THE FIRST FESTIVAL HIT?
NOV 26, 2008 – SOMETIMES, YOU DO JUDGE A BOOK by its cover, or a film by its first few minutes. I was quite horrified by first-time director Irfan Kamal’s blatant attack on my heartstrings, when he allowed an infant at a railway station to crawl in the direction of an oncoming train, and then signalled to the mother to bound across, at the last second, and save her baby. If this manipulation weren’t bad enough, the all-too-appropriate title was splashed across a frame of the relieved mother cradling her child: Thanks Maa. There are a lot of things to like in this first feature, like the incredible set of performances from children apparently picked up from the streets of Mumbai, or some genuinely touching moments capable of un-jading the most hardened heart, or even the unexpectedly hilarious cameo by Sanjay Mishra’s bare buttocks.
But Kamal cannot decide if he’s going for a flinty survival story set amidst the Dickensian squalour of Mumbai or a flighty Enid Bytonesque fantasy in which kids, if they put their minds to it, can do anything. Thanks Maa, therefore, comes off as a half-hearted cross between Oliver Twist and a Five Find Outers adventure, about a bunch of artful dodgers attempting to return an abandoned child to its birth mother. Suspension of disbelief is all very fine as an abstract theory, but how can you gloss over sequence after sequence where these children, however steeled into premature adulthood by the unforgiving aura of the city they live in, pull off feats that adults couldn’t manage? But the audience didn’t seem to care. Going by the incessant smatterings of applause, this is perhaps the first of this festival’s breakout hits.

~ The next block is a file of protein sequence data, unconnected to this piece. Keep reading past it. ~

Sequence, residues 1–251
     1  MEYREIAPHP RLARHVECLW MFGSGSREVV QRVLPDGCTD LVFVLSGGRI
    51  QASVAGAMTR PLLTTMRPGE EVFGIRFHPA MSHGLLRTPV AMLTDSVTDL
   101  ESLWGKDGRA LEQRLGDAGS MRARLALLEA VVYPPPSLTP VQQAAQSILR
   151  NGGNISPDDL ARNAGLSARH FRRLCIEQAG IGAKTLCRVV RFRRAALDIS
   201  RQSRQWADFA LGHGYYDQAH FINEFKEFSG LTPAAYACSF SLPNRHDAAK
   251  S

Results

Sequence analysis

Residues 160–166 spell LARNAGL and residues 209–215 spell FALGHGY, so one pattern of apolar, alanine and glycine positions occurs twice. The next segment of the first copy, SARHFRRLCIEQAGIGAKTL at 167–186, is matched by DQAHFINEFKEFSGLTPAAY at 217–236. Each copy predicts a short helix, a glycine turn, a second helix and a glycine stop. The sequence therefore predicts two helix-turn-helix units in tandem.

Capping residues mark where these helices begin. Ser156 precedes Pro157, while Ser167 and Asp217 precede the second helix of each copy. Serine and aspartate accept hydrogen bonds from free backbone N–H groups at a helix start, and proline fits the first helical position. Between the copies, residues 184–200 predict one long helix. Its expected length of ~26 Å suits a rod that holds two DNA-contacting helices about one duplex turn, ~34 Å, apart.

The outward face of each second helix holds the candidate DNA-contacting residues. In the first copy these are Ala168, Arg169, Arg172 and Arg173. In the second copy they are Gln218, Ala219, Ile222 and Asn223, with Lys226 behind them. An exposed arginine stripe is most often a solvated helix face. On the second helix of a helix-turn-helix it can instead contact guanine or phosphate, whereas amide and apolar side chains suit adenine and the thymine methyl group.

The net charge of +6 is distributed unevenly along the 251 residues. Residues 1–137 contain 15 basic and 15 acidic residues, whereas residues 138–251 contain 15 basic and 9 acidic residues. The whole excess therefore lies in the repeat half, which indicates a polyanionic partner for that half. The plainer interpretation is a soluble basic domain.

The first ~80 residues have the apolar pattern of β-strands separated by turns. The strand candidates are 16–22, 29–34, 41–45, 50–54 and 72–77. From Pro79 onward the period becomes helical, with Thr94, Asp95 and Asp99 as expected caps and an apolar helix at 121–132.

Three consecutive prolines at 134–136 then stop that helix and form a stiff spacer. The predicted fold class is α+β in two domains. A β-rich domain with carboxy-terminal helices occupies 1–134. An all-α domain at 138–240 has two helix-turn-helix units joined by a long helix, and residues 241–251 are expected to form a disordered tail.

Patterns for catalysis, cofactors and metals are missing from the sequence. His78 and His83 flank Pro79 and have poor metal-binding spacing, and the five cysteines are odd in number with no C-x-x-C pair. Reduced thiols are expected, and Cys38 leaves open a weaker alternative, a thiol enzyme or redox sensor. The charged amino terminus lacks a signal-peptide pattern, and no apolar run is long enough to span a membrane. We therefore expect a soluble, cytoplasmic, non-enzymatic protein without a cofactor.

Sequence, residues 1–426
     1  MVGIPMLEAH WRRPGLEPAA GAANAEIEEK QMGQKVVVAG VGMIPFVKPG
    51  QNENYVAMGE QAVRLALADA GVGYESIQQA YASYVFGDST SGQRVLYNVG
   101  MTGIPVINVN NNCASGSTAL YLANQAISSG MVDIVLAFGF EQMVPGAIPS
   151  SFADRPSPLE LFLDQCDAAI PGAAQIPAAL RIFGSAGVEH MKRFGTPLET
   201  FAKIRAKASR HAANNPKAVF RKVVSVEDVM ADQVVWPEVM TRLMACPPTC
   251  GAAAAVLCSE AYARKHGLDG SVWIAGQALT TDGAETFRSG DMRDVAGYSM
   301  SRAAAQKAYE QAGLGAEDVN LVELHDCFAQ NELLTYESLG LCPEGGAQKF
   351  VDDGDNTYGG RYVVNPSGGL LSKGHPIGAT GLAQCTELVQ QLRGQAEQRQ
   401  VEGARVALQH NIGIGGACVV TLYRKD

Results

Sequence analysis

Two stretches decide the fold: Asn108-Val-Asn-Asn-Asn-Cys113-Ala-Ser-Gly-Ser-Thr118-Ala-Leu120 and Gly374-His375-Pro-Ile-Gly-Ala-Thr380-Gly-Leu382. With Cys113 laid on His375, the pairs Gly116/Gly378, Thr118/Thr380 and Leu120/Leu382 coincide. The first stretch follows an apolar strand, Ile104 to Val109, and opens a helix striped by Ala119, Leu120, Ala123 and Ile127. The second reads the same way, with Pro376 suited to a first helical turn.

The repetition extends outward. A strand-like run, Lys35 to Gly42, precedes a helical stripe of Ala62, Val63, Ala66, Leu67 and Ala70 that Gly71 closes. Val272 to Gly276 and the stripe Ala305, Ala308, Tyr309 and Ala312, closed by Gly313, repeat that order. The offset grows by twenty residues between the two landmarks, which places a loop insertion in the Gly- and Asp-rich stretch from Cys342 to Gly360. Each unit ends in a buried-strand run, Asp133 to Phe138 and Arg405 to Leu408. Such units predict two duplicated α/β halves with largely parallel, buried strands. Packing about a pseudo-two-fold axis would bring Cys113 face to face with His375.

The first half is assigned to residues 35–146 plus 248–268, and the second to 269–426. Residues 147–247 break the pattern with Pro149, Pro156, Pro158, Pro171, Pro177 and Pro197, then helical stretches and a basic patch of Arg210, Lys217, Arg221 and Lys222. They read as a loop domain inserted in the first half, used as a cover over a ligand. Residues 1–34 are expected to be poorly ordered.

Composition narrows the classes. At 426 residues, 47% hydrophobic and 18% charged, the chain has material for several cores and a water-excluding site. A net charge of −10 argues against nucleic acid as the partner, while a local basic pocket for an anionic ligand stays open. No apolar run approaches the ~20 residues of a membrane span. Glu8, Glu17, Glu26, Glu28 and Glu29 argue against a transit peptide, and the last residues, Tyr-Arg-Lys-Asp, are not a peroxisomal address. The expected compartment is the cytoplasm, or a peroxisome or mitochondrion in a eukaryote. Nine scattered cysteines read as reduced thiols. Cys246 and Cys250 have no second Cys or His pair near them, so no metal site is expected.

AND GOING BY THE INCESSANT WALKOUTS, the painstakingly digitally-restored print of Max Ophüls’ notorious Lola Montes was the first of the festival’s major flops. You’d think the gorgeously saturated Technicolor alone would have been reason to sit through this admittedly difficult film, with its heady blend of musicality and staginess and a staunch refusal to do anything so insulting as offer a clear narrative to hold on to, and these qualities, apparently, didn’t sit very well with the audience. This was my first viewing of this much-heard-about, much-reviled, much-discussed film event of the 1950s, and I came away intrigued enough to settle down for a more leisurely viewing sometime in the future. After all, expecting art to yield all its secrets after one viewing is as silly as hoping to unearth every single one of a woman’s mysteries after one evening, no?
AND FAR AWAY FROM THE SCREENS, trouble seemed to be brewing, as I unearthed what was possibly the first journalistic scoop of my career. Looking for a soft drink, I ended up at a stall with no name, and I asked the man at the counter why he couldn’t put up some sort of sign that would attract, well, people looking for a soft drink. And this was his cue to launch into a litany of complaints – about how he’d paid Rs. 20,000 to put up the stall and how he was losing money as non-delegates weren’t being allowed into the INOX premises. According to him, those who’ve put up stalls outside, on the street-side, are making twice what he makes a day, simply by virtue of being accessible to the general populace of Goa as well. Had I been a true-blue reporter, my nose would have twitched at the possibility of a major story, but as I’m (thankfully) just a film critic, I sauntered off to the screening of Thanks Maa.
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